BrotherHiram (profile) says:

Re: Re:

Anonimous Coward (love the name btw)

I would argue that the fact that in order for me to access my email server to read or write emails, I have to enter a user name and a personalized password, indicate that I should have presumption of privacy, unless you give me your information to access your email account or I unlawfully get your personal information, I cannot access your email because it is private.

Because your home’s curtains are open and your wife is taking a shower, doesn’t give me the right to stand at the window checking her out. and I say at the window rather than the street, because if I can see her from a public place then it gets murky, but I don’t thing that yahoo or gmail emails are readily available to be read by anyone typing a URL, you would need to hack into a system in order to have access to them.

Ronny Rant says:

Point of no return

Well, I think the horses have left the barn and the cat has escaped the bag.
Every day you read about another massive “loss” of personal information. Information on millions which should’ve been encrypted at least and even better locked up somewhere, but no, it was stored on a laptop left in the back seat in plain sight for someone to take or something similar ….
I now have no other conclusion available other than to assume that almost all data breaches are intentional and you rpersonal data is being bought and traded for the highest amount.
Not if, but when you are faced with some entity showing up with their hand out demanding payment – what are you to do ?
I think I’ll say “piss off dirtbag” its their own fault, not mine and I’m not paying.

Anonymous Coward says:


The interesting thing about the article is that is suggests the courts need to extend the reaches of the fourth amendment and then ends with desire that the fourth amendment continues to be updated as technology is. So, whose responsibility is it? Courts or legislature. I think anytime you are looking for the courts to extend the reaches of any law, you are asking for trouble. Call upon congress to enact changes to the fourth amendment if that’s what you want, but don’t ask the court to continually reinterpret what is there.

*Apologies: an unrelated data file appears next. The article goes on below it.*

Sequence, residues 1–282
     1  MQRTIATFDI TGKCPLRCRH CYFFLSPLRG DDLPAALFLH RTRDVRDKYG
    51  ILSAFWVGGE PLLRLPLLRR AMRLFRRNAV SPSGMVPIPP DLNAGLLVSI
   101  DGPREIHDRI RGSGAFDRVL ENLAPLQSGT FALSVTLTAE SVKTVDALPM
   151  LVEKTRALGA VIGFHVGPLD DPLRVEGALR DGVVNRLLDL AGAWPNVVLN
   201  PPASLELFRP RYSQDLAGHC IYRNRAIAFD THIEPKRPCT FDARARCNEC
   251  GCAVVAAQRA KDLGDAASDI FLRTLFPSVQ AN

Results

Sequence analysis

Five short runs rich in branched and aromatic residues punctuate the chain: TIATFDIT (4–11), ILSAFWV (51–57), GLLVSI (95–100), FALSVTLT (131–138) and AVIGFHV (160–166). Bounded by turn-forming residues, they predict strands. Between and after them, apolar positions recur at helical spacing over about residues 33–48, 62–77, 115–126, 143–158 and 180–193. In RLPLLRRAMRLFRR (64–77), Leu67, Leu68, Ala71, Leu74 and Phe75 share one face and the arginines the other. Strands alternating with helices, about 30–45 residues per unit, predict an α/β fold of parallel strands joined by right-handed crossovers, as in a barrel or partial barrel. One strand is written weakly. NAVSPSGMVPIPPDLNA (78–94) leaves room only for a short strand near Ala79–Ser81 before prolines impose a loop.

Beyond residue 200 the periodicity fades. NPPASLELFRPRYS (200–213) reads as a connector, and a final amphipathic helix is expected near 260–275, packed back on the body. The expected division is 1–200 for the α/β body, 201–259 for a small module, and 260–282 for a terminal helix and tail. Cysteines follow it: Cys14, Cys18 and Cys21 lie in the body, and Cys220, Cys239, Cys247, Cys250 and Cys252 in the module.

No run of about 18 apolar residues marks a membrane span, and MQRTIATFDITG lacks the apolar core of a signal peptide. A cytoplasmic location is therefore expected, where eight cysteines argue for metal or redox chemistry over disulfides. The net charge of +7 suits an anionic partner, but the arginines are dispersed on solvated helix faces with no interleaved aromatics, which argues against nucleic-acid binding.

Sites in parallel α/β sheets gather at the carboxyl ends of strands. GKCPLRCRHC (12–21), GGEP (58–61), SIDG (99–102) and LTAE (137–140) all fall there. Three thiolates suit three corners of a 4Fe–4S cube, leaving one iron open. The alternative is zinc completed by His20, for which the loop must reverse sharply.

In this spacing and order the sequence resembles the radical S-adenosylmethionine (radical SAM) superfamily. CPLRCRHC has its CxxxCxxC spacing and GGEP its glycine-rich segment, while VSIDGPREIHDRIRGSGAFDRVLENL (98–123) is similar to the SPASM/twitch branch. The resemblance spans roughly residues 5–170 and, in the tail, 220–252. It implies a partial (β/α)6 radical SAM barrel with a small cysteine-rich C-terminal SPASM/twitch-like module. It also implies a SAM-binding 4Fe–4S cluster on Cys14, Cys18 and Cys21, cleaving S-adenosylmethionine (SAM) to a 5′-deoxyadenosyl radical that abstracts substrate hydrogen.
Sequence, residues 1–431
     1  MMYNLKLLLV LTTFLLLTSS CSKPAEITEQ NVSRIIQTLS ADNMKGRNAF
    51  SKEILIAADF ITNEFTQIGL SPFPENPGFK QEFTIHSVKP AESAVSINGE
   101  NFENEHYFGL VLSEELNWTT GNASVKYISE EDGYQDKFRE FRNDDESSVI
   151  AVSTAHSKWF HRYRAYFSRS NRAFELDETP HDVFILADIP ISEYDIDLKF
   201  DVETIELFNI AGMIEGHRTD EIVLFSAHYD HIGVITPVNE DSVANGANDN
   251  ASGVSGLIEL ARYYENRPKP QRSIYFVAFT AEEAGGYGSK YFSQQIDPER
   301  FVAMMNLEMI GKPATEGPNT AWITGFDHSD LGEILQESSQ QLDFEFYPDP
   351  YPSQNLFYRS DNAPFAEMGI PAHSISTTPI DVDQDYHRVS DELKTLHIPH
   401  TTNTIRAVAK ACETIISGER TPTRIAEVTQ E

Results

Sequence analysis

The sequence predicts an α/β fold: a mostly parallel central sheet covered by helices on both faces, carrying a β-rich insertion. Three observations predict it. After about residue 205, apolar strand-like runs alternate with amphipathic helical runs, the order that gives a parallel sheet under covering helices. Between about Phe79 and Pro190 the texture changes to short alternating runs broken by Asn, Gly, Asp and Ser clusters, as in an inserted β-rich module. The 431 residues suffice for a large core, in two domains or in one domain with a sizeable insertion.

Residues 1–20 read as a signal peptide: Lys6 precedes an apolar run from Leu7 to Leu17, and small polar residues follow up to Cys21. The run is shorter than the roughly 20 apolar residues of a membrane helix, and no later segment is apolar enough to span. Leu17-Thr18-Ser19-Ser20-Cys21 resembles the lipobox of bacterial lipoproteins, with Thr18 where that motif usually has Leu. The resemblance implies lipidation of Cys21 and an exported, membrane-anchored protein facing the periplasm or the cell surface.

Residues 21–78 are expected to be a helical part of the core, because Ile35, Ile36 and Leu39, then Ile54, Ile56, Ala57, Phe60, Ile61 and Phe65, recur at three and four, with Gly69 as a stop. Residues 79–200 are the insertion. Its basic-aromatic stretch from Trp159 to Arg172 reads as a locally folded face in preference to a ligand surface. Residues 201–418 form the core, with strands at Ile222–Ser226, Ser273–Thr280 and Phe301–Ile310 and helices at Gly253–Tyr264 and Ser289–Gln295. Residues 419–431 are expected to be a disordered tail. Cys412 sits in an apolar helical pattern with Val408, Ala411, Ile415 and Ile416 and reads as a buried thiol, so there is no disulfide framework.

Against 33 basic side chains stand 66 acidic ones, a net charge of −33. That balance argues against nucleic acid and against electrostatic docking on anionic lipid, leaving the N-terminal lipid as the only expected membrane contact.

IANAL says:

Re: Responsibility

AC -> extend the reaches of the fourth amendment … whose responsibility is it?

Where in the 4th amendment does it limit its scope ?
I do not assume that the latest technology needs to be included, it is included unless specificaly stated otherwise.

“secure in their persons, houses, papers, and effects”

I think we all know what the writers had in mind, and it is easy to conclude that both papers and effects would cover your personal email, IMs, storage, etc.

And it is the courts, DAs, and AG who are responsible.

Nick says:

Katz and the phone company

So, wasn’t the Katz decision made in a situation where Katz and whoever he spoke to on the phone were handing the electrical impulses over to the phone company for transport to each other?

How does it make any difference that these days people are handing over digital bits for transport instead of analog electrical impulses?

anonymous coward says:

I think the problem lies with your statement about continual update: “If we want the Fourth Amendment to continue to be an effective protection for peoples’ privacy, and I think we do, it needs to be continuously updated to reflect changing technological realities.”

What you want is to document the intent clearly, not examples. Clearly this whole mess got started because someone encoded an example – matters in the house – into law instead of the intent – matters between people.

So whilst I agree with you that it needs updating, I disagree with the continual part. People should stop interpreting things literally but instead focus on the intent.

Anonymous Coward says:

Re: Re:

Wyatt -> I did not know the judicial branch made laws in the US. Hmm time for civics class again I guess

It is up to the judicial branch to enforce the existing laws, but you knew that.
I think the point is that the existing laws will do just fine. The default should be to include everything unless specifically excluded, therefore “papers, and effects” would cover email, IMs, etc.